St. Louis Parents Weigh Vaccinating Young Teens Following Federal Approval
Parents, hospitals and schools in the St. Louis area are preparing to vaccinate teenagers and young teenagers against the coronavirus.
The Centers for Disease Control and Prevention on Wednesday afternoon approved the Pfizer COVID-19 vaccine for use in 12 to 15 year olds. Schools and hospitals have already started making appointments for parents to have their children vaccinated.
Many parents in the St. Louis area were excited about planning the shoots.
“We’re just so grateful that … science made this available for us,” said Kim Linhares, a parent of Kirkwood, who set weekend vaccination dates for her 12- and 15-year-olds.
The Pfizer vaccine was approved for adolescents aged 16 and over.
The vaccinations will come just in time for her son to enjoy the summer vacation, Linhares said.
“He has the opportunity to go to the boy scout camp. He has the option to go to the music camp before we are really on the fence and he’s definitely not feeling well, ”she said. “Once he is fully vaccinated, he can do fun summer activities on a regular basis.”
Peter Seay, whose son Mason is attending Parkway West High School, hopes the vaccines will help the children return to normal social life after a challenging year.
“He really didn’t want to be responsible for everyone else getting sick,” said Seay of his son, who will be 15 years old in a few weeks. “So he really … cut off a whole social circle.”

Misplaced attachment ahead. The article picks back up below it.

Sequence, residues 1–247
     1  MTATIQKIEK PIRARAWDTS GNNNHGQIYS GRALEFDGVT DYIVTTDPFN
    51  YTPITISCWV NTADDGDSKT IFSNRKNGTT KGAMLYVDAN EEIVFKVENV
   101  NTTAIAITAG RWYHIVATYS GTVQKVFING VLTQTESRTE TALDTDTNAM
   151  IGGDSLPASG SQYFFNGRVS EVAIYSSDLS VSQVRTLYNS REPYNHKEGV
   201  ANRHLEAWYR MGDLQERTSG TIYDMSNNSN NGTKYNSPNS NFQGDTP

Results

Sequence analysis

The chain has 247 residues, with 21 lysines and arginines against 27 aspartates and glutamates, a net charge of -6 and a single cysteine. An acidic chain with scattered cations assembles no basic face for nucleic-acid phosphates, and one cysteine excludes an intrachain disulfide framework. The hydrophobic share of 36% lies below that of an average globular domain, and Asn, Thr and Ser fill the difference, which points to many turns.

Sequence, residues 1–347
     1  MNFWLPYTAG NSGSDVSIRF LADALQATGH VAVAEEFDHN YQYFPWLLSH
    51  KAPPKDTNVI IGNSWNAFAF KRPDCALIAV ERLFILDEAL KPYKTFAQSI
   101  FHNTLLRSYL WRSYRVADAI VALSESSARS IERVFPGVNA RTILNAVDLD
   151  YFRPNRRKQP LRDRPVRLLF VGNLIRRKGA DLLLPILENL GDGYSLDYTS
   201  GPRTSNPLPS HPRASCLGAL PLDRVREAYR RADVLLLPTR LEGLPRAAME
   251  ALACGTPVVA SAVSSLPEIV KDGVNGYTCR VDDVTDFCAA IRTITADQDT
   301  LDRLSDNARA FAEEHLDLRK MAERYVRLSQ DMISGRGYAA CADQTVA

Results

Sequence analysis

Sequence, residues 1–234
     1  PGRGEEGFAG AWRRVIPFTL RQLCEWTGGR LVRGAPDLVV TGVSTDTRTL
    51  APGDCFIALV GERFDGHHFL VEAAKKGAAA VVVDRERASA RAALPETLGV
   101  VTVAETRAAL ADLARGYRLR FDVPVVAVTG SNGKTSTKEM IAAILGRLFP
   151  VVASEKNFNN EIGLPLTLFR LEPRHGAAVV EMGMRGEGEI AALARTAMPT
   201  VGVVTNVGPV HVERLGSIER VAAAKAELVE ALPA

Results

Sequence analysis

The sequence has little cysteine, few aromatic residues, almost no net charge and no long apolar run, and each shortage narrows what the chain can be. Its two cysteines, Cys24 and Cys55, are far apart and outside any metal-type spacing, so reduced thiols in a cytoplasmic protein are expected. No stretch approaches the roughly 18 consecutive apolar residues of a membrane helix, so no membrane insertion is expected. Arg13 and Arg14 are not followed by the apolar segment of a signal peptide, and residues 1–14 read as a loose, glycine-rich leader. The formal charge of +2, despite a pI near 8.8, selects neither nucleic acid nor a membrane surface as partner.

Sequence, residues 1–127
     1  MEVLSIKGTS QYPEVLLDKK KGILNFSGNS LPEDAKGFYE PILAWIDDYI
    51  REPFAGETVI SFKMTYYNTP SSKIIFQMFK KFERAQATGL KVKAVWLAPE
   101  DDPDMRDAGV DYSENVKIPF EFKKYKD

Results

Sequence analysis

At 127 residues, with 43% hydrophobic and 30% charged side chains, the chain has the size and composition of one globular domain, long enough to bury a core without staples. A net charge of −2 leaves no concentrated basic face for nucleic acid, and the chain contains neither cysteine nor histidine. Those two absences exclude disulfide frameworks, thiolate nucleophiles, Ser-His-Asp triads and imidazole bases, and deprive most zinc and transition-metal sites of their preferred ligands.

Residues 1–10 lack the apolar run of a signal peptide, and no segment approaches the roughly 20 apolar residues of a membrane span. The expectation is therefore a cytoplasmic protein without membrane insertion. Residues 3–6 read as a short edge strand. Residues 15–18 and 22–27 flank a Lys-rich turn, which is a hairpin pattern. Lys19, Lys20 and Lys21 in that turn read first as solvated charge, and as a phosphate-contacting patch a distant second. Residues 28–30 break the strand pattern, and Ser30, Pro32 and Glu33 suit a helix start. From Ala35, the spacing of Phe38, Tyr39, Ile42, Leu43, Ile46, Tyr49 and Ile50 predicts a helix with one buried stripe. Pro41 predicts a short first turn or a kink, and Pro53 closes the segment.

He added, “I think it may be a very dangerous thing for social emotional development.”
Sarah Pitt Kaplan, who has a 13-year-old son at Kirkwood Schools, said she “jumped up and down” with excitement about the vaccine.
“My father is a doctor. My mother is a nurse, I grew up in a medical family, ”she said. “We followed it all very closely. And we’re very excited. “
The nearby Ladue school district has already planned a clinic for Friday. Other districts measure parent interest and plan clinics.
Not all parents are likely to be this excited, said Hilary Babcock, an infectious disease specialist at Washington University and BJC HealthCare.
“These children essentially need to be brought in and approved by their parents,” she said. “So there is a reasonable chance it will go pretty well with our adult vaccinations, as the adults who have been vaccinated will likely want their children to be vaccinated, and adults who have been worried or concerned about the vaccine their children may have the same concerns and worries. “
Almost half of Missourians have received at least one dose of the COVID-19 vaccine, but the number of people vaccinated daily has decreased in recent weeks.
Missouri has more than 300,000 12 to 15 year olds who make up about 5% of the state’s population.
Although the group makes up a relatively small fraction of the state’s total population, Babcock believes that expanding eligibility will make a difference in tackling the pandemic. Many young people have tested positive for the coronavirus in the past few months, she said, and any person who gets a vaccine is helping keep hospital stays and new case numbers down.
“Minimizing the risk of everyone in your household getting this infection is protecting everyone in your household,” she said.
At least one regional hospital, Mercy Health, began vaccinating young teenagers on Tuesday after the federal nutrition and pharmaceuticals agency approved Pfizer to use the emergency vaccine in the age group.
Babcock said BJC expects to start vaccinating teenagers first Thursday morning.
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